DNA makes it possible to store immense amounts of information in very small volumes, without consuming energy. However, several technical challenges remain to be overcome in order to democratize this process. An MIT discovery has just solved one, providing a method to more easily recover a specific file.
Using DNA to store our data, the idea may sound strange. In reality, this technology has enormous potential: DNA can house immense amounts of information in very small volumes, without consuming electricity. The sector has just made a major breakthrough. Scientists at MIT have developed a technique to simplify the recovery of precise data stored in DNA. They presented their results in a study published on June 10 on Nature Materials.
” Each file is encapsulated in a 6 micron silica particle. This particle is labeled with a short DNA sequence that reveals the content stored in it. », Explains MIT. The team of scientists have demonstrated that they can safely retrieve an individual image from a DNA sequence containing 20 images. Given the number of labels that can be created, the researchers estimate that it will be possible to use this technique on sequences containing up to 1,020 files.
Recover an image stored in DNA
This discovery is important because it resolves one of the major problems in this area. Until now, files stored on DNA were recovered using a polymerase chain reaction. However, this technique has two big drawbacks: it sometimes brings out files other than those sought, and above all it consumes most of the DNA of the dose. ” It’s like setting the haystack on fire to find the needle Says MIT Biological Engineering Professor Mark Bathe.
The method developed by his team makes it possible to recover a file without damaging the rest of the DNA – which can thus be stored again. It is even possible, thanks to this process, to use Boolean logic to select a file: by searching for example ” President AND 18th century », The user will thus obtain the file relating to George Washington, just like on Google Images.
Store data without consuming electricity
The MIT team believes that this DNA archiving technique could be used to store “cold” data such as that contained in archives, and which does not need to be accessed very frequently. Several technical challenges remain to be taken up to make this process viable. Synthesizing DNA is indeed still expensive. ” Writing 1 million Gb of data on DNA would cost $ 1 trillion “, Underlines the MIT. The costs of this process are, however, expected to decline in the decades to come.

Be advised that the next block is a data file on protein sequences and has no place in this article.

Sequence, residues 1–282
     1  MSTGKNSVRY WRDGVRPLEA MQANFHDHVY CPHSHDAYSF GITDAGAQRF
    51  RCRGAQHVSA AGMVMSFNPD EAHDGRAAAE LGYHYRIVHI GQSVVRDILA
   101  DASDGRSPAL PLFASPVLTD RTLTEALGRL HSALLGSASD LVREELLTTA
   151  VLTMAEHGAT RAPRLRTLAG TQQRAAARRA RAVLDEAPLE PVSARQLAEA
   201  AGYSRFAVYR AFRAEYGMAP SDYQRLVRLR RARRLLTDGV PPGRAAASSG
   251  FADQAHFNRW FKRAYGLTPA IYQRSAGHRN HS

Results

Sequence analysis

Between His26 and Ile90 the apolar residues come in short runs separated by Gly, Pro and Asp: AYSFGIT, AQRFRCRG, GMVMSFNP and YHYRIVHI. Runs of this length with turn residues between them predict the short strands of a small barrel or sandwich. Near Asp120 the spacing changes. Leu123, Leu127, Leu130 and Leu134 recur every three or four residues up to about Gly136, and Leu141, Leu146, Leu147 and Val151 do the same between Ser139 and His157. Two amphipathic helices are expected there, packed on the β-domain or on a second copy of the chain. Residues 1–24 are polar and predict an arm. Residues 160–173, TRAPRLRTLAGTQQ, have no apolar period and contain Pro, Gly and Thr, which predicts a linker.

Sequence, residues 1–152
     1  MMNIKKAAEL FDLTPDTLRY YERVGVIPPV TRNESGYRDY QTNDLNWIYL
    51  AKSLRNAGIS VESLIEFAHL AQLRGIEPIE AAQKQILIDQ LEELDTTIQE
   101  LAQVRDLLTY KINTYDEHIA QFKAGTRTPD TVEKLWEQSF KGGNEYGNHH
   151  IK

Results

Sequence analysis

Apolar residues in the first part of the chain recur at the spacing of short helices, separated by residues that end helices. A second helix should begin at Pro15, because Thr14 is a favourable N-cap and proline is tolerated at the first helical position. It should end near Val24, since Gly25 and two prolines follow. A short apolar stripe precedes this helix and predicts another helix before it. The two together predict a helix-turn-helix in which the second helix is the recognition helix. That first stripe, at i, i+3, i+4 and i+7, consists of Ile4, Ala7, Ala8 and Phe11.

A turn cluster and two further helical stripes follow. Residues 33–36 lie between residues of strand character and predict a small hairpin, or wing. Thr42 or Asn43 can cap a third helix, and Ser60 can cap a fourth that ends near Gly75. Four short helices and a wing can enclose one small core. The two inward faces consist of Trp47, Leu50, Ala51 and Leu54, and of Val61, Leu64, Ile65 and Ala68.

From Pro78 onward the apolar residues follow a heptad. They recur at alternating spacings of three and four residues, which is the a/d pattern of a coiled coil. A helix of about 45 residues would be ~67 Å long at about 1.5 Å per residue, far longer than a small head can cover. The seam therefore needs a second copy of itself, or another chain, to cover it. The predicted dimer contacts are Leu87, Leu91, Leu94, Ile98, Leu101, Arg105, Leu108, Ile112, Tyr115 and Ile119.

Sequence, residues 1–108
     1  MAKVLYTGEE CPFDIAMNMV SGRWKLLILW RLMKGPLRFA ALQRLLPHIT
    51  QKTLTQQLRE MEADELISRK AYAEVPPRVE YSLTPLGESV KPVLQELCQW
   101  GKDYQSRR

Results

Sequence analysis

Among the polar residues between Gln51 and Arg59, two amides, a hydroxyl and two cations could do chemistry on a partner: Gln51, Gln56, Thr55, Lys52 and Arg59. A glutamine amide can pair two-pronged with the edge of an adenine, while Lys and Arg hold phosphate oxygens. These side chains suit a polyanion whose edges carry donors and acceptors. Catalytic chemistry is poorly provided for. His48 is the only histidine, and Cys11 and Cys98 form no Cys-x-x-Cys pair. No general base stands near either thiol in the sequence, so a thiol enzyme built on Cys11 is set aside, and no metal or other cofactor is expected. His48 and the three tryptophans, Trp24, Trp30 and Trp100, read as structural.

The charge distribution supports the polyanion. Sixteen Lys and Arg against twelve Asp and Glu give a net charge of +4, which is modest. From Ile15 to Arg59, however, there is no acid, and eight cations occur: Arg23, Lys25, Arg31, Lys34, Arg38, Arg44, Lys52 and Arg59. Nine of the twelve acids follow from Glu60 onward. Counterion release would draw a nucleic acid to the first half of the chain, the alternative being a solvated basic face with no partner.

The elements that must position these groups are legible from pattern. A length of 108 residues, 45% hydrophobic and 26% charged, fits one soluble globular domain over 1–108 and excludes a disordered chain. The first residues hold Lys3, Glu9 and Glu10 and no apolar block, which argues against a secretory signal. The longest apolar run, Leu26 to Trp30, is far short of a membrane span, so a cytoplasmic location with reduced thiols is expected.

And if scientists manage to make the technique less expensive, DNA storage will open up tremendous prospects. ” On Earth, there is currently 10 trillion Gb of digital data and every day, humans produce 2.5 million Gb of emails, photos, tweets and files. », Explains MIT. This data is stored in huge data centers that cost around $ 1 billion to build and maintain. These data centers also consume a lot of electricity.
A cup of DNA can house data from the planet
DNA has many strengths to make against them, because it can store much larger amounts of information in the same volume. DNA is a thousand times denser than flash memory, says Mark Bathe. A cup of coffee filled with DNA could theoretically store all of the planet’s data. Another advantage: ” once the DNA polymer is created, it does not consume any energy. We can edit DNA and store it forever “.
Scientists have proven that they are able to encode images or texts in DNA. The information is also stored in a manner quite similar to that used by the IT sector, which encodes information in the form of 0 and 1. With DNA, these are the four nucleotides (A, T, G, C) which are used to encode the data. ” The G and the C can for example be used to represent the 0, and the A and the T to represent the 1 », Explains MIT.